Friday, November 16, 2012

Video: Let's Talk About It - Should A 'Man of God' Own a Private Jet?



I'll make it clear where I stand.

1. It is not okay.
2. It's just wrong.
3. It's mind boggling that in a country crippled with abject poverty, gifting a pastor with a private jet is seen as a wonderful gesture.
4. It's offensive insensitivity to the suffering of majority of the church's members (though they obviously may (and in fact would) disagree.
5. It's just plain greed! If it's not, he should give it back.
6. If there's that much money in the church's account, the church can build schools, hospitals, low cost houses for poor church members who have donated the offerings. THEY need the money. The Pastor gets a generous salary. He does not need the money.
7. AND he most certainly does not NEED a jet!

PS: Thanks to Prism for alerting me to the video. I think other concerned bloggers should post it on their blog. It's time we raised awareness about the obsession with religion in our country. There is faith and there is madness! Please learn to distinguish between the two. This madness must stop.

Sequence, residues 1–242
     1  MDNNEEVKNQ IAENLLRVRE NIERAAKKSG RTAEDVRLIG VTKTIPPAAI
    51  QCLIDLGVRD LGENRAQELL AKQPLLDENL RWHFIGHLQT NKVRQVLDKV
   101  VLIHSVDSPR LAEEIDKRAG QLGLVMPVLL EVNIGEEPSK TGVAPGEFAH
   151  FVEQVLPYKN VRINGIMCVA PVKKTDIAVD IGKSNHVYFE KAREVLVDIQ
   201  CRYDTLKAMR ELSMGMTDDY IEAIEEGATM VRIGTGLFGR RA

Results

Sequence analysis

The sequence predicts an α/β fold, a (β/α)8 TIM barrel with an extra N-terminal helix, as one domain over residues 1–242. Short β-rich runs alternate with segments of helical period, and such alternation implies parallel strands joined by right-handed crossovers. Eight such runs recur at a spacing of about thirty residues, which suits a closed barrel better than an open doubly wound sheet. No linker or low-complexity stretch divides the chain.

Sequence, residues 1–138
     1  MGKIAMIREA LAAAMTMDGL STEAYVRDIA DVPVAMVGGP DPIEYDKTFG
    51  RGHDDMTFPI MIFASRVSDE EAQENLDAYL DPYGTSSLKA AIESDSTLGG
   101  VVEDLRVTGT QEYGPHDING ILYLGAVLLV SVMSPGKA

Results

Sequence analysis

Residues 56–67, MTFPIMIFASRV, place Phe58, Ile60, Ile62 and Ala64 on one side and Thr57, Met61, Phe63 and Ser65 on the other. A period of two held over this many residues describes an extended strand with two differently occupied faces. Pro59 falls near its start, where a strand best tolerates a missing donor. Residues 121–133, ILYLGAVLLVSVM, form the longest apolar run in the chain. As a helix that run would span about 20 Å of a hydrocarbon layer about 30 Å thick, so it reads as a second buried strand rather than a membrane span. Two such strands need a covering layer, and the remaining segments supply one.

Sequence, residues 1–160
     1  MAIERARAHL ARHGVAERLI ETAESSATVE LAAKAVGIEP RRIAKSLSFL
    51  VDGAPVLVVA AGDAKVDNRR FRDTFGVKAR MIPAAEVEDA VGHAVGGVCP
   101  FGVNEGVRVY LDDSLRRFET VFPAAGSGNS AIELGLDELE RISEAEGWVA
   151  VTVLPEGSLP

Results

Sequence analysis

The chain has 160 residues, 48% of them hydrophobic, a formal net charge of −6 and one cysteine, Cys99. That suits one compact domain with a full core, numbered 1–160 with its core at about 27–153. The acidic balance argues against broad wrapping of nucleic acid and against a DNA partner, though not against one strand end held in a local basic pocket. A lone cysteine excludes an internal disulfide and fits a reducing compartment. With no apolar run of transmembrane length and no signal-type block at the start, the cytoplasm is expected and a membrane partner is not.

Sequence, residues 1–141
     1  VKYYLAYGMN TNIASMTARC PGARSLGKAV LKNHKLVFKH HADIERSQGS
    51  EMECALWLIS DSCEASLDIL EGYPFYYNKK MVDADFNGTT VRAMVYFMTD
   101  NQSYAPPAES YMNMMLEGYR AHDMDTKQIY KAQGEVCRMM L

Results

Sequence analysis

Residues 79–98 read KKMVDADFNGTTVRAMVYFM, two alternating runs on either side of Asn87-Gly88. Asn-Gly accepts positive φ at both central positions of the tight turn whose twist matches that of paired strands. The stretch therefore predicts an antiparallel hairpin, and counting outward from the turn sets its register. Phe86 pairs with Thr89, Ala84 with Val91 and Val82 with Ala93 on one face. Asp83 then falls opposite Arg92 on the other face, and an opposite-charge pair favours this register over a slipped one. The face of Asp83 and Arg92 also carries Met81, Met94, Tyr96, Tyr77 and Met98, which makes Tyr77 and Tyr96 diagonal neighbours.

*E ye gba were m'esin*, I beg you.

*Yoruba: Loosely translates as "stop adding madness to your religion."

20 comments:

  1. I completely agree with you. But you know how many Nigerians can be, they'll say that we should not talk 'bad' about any "man of God". kmt! But if it's a celebrity now, they'll begin to talk about how arrogant and horrible the person is. smh.

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    1. So true, Theodora. The holy man is revered and 'untouchable' (I thought that was meant to be God) and he's allowed to do anything and get away with everything. If we want Nigeria to improve for the betterment of the common man, a complete re-orientation of that obsessive religious mentality to a logical, moderate and sensible approach to things -(which really are commonsense) - is required.

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  2. Hallelujah and amen to your post. I completely agree with you.

    P.S: I deactivated comments on the post for the reasons Theodora mentioned. I thought maybe it'll be best if I stated my thoughts and my thoughts only and not have to respond to those concerns about talking about a man of God or church.